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The Waste That Wasn't

(published with permission of the Polystyrene Packaging Council)

Waste diversion means many things, including developing alternatives to conventional waste disposal and minimizing the use of materials in manufacturing. While the amount of materials which are disposed of in the United States has been extensively studied, the waste that was not created through source reduction has never been quantified. The polystyrene industry has taken the initiative to analyze its own efforts to divert waste in "Waste Management and Reduction Trends in the Polystyrene Industry, 1974-1994."

"We found that source reduction efforts, as well as reuse and recycling, have a measurable, positive impact on solid waste management," said Marge Franklin, president of Franklin Associates, which administered the report. "In addition to eliminating thousands of tons of solid waste through source reduction, we found the industry has doubled its recovery of polystyrene for recycling and reuses significant amounts of loose fill polystyrene. A comparison of weights of polystyrene packaging and disposables with products made of alternative materials shows the use of polystyrene cut the waste disposed of by one-half in 1990," said Franklin.

Organized to reflect polystyrene industry achievements in waste minimization, this 40-page study covers all types of polystyrene packaging and disposables -- from injection molding to extrusion and expandable bead. Using various case studies on source reduction and reuse, the study indicates that polystyrene waste diversion has had the greatest impact in reducing wastes from 1986 to 1994.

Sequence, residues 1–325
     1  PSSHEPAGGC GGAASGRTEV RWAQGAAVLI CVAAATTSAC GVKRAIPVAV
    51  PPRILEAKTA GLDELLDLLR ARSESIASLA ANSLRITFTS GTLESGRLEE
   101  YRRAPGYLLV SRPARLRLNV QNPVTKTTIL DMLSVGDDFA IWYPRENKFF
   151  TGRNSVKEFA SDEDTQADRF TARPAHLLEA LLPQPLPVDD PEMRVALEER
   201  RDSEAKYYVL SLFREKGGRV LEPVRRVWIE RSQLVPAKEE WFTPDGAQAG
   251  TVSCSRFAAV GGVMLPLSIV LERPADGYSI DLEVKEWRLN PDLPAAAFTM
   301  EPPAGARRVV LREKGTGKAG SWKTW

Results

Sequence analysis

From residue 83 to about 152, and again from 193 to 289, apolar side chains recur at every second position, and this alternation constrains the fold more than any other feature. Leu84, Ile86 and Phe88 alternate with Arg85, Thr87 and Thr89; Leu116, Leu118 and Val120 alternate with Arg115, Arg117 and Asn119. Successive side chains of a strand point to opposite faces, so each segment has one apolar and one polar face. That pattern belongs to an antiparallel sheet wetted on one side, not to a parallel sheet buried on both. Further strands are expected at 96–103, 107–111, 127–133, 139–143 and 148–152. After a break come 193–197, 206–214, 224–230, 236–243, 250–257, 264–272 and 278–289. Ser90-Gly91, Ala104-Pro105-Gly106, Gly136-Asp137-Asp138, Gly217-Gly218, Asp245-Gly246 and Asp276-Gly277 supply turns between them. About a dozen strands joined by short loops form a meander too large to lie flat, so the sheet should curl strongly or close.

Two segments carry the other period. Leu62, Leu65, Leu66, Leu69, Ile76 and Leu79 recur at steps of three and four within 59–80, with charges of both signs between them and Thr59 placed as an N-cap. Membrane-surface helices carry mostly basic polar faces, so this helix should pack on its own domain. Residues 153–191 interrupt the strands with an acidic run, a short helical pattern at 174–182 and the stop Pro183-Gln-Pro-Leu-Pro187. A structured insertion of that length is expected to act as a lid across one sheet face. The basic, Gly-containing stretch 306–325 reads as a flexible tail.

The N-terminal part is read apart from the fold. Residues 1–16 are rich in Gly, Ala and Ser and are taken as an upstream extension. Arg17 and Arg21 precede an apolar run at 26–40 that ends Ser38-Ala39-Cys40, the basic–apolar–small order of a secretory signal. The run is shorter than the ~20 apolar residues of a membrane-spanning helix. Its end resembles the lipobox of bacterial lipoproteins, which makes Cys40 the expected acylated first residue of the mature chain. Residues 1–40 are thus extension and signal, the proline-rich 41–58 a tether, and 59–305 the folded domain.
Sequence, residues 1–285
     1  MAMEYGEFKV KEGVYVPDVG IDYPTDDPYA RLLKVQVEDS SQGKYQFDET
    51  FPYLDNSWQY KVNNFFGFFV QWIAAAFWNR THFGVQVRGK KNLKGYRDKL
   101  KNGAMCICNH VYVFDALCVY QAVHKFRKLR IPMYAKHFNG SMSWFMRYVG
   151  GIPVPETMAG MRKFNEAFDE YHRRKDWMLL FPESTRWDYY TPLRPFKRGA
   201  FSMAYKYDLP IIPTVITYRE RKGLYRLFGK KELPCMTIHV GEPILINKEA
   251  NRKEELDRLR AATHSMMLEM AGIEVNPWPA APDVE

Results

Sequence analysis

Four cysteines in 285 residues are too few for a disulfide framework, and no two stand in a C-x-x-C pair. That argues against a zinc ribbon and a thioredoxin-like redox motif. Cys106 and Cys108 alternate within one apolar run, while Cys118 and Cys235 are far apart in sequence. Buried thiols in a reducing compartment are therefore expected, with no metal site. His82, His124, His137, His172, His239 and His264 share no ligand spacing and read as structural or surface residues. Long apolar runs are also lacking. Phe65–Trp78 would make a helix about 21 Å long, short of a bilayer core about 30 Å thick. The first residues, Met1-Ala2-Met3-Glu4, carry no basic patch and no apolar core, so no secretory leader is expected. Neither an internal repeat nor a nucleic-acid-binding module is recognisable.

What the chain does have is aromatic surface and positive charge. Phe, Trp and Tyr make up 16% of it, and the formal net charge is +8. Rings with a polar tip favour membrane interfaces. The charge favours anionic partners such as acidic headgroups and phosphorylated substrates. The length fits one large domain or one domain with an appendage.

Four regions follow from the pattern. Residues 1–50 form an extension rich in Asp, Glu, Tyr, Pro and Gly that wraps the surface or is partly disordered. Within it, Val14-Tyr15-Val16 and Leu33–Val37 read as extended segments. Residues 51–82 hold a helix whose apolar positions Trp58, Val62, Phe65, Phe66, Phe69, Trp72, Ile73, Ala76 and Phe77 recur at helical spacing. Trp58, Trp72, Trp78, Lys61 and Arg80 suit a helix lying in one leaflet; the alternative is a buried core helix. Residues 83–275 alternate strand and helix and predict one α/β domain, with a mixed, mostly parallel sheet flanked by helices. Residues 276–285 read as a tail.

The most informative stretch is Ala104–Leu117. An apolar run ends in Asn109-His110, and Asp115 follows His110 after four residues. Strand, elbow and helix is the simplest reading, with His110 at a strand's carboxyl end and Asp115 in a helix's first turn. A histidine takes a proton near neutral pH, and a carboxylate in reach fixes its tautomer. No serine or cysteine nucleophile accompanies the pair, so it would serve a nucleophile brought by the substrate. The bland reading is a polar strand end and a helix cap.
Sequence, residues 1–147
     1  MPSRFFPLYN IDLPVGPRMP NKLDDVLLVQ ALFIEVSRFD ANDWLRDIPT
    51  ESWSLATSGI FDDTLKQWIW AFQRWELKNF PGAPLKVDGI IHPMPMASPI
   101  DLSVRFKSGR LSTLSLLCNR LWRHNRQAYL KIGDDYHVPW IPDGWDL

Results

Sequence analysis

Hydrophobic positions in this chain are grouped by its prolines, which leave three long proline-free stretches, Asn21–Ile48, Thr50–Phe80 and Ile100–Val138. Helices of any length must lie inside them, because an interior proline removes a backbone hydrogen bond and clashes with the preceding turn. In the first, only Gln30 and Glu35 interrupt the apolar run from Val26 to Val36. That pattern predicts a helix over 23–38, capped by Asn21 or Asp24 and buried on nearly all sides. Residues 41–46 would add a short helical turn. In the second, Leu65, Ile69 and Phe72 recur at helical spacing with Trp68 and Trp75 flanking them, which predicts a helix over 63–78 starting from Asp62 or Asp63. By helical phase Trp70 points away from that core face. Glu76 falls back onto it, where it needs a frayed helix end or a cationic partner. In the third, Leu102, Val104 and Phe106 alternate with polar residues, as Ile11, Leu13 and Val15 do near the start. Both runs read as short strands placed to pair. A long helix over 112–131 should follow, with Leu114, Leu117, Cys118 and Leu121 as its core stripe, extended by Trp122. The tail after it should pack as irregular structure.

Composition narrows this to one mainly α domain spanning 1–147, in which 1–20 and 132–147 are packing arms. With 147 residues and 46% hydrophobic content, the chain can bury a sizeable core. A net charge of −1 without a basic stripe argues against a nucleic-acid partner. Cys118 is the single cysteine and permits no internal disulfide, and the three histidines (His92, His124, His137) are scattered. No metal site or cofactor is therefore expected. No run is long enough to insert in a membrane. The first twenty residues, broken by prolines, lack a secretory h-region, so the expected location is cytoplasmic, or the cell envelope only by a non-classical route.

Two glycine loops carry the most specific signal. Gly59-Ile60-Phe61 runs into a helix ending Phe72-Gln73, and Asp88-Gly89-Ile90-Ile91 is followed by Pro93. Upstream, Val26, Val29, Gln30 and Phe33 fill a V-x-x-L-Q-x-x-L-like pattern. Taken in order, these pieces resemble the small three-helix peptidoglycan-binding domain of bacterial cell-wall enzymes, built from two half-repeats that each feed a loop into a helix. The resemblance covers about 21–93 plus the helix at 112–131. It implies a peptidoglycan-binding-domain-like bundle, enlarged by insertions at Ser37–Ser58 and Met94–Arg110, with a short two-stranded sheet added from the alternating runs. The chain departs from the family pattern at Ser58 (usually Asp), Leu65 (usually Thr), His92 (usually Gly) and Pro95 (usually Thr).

Most source reduction activities occur as part of the manufacturing process and have not been widely included in discussions of municipal solid waste. This report measures the positive impact of source reduction activities. Source reduction activities are those which use materials more efficiently and include:

For example, an average foam plate today requires 25 percent less polystyrene to produce than it did in 1974. This report shows that overall, polystyrene products have been source reduced nine percent since 1974 -- which means that nine percent less polystyrene was used to manufacture the same amount of products. Between 1974 and 1994, the amount of polystyrene packaging and disposables that was diverted through source reduction increased more than 20-fold, eliminating more than 800,000 tons of polystyrene generation over the 20-year period.

Reuse is another form of waste diversion covered in the report. Reuse is important not only because it delays the final disposal of a product, but also because it reduces the manufacture and purchase of new products, all of which prevent waste. Polystyrene loose fill is one of the most commonly reused packaging materials. Nearly 30 percent of all loose fill (or "peanuts") is reused, and for mailing services, the reuse rate of loose fill is as high as 50 percent. Reuse of loose fill polystyrene reduced virgin polystyrene demand by 22 million pounds in 1994 alone.

Source reduction can make a positive contribution toward conserving resources -- as significant as recycling. One way to evaluate the impact of source reduction is to compare the resources saved by preventing waste versus recycling. According to Franklin Assoc., in order for recycling efforts to save as much energy as source reduction, a recovery rate of 24 percent would need to be achieved.

This is just a sampling of the information contained in "Waste Management and Reduction Trends in the Polystyrene Industry, 1974-1994." The full report is available for purchase through the Polystyrene Packaging Council (PSPC).